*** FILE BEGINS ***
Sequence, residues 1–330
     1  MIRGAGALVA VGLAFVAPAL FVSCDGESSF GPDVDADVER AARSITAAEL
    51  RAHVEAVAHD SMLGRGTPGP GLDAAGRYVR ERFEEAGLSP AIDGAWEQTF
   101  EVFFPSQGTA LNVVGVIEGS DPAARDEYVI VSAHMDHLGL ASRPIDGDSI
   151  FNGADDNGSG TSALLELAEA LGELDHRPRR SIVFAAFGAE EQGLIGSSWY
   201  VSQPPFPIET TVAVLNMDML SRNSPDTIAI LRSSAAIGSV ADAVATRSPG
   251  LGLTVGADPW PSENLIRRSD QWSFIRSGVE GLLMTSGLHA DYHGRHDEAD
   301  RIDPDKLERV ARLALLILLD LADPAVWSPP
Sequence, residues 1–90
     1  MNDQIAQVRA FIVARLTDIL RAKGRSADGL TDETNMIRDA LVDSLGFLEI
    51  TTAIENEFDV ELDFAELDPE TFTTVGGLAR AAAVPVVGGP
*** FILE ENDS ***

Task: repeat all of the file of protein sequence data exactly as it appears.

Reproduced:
Sequence, residues 1–330
     1  MIRGAGALVA VGLAFVAPAL FVSCDGESSF GPDVDADVER AARSITAAEL
    51  RAHVEAVAHD SMLGRGTPGP GLDAAGRYVR ERFEEAGLSP AIDGAWEQTF
   101  EVFFPSQGTA LNVVGVIEGS DPAARDEYVI VSAHMDHLGL ASRPIDGDSI
   151  FNGADDNGSG TSALLELAEA LGELDHRPRR SIVFAAFGAE EQGLIGSSWY
   201  VSQPPFPIET TVAVLNMDML SRNSPDTIAI LRSSAAIGSV ADAVATRSPG
   251  LGLTVGADPW PSENLIRRSD QWSFIRSGVE GLLMTSGLHA DYHGRHDEAD
   301  RIDPDKLERV ARLALLILLD LADPAVWSPP
Sequence, residues 1–90
     1  MNDQIAQVRA FIVARLTDIL RAKGRSADGL TDETNMIRDA LVDSLGFLEI
    51  TTAIENEFDV ELDFAELDPE TFTTVGGLAR AAAVPVVGGP